Reporters decry North’s actions

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Reporters decry North’s actions

A group of South Korean journalists issued a statement Tuesday condemning North Korea authorities for what they say was the regime’s attempts to meddle in reporters’ coverage of this month’s inter-Korean family reunions.

In the statement, signed by 38 journalists, the reporters criticized North Korean authorities for a series of actions they took against the South Korean journalists assigned to cover the event.

That included seizing laptops brought across the border by the reporters for inspection, which the officials claimed they needed to check to verify that they contained no materials critical of the Communist regime.

“On Oct. 20, North Korea seized all the laptops from a pool of reporters from the South,” the statement said. “Not only did officials look into them, but they confiscated a number of laptops and returned them the next day.”

Such actions, the group said, was unprecedented and unjustly interfered with the mission to cover the event. The moves last week were clearly an attempt by the North Korean government to obstruct the freedom of the South Korean press, they added.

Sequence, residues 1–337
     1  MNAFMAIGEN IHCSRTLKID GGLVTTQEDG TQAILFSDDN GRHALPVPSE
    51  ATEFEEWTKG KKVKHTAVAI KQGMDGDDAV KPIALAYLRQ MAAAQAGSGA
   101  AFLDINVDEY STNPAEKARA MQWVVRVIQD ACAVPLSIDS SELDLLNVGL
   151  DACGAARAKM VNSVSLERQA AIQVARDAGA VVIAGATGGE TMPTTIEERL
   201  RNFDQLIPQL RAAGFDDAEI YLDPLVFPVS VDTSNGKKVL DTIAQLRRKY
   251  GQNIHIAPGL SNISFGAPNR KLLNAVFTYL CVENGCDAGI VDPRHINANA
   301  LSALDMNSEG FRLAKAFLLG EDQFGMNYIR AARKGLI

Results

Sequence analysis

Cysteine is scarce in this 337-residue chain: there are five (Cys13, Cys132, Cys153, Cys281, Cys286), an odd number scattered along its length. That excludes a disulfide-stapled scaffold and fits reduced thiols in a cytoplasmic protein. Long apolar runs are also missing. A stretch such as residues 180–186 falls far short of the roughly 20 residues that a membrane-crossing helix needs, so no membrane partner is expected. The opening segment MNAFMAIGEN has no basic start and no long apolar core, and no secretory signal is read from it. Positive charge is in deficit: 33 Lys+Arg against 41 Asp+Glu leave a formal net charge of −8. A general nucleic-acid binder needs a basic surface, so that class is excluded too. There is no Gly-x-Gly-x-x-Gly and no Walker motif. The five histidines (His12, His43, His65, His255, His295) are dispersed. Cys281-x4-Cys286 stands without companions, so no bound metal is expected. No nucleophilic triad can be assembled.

The statement came a week after North Korean officials demanded at the border checkpoint on Oct. 20, to see all laptops and thumb drives brought by the South Korean journalists who were crossing into the country to cover the reunions.

Following the inspection, the Communist officials raised issue with three laptops, alleging they contained harmful information ? a claim the South Korean pool of journalists saw as unfounded.

The statement also took an aim at the North’s demand to review video footage taken of the reunions, which the group said led to delays in broadcasting the event in the South.

The country’s behavior baffled the reporters, most of whom are seasoned journalists and familiar with the regime’s unpredictable nature. The moves were seen as an attempt by Pyongyang to arbitrarily pressure South Korean media.

The journalists also made it clear that they would not remain silent if the North tried to interfere with their work again and noted they had refrained from raising the issue publicly during the reunions for the sake of inter-Korean relations.

Pyongyang is sensitive to media reports from the South, particularly those critical of North Korean leader Kim Jong-un. The country has previously gone so far as to name certain reporters in its state-run media who have penned stories deemed critical and sent out warnings.

BY KANG JIN-KYU [kang.jinkyu@joongang.co.kr]

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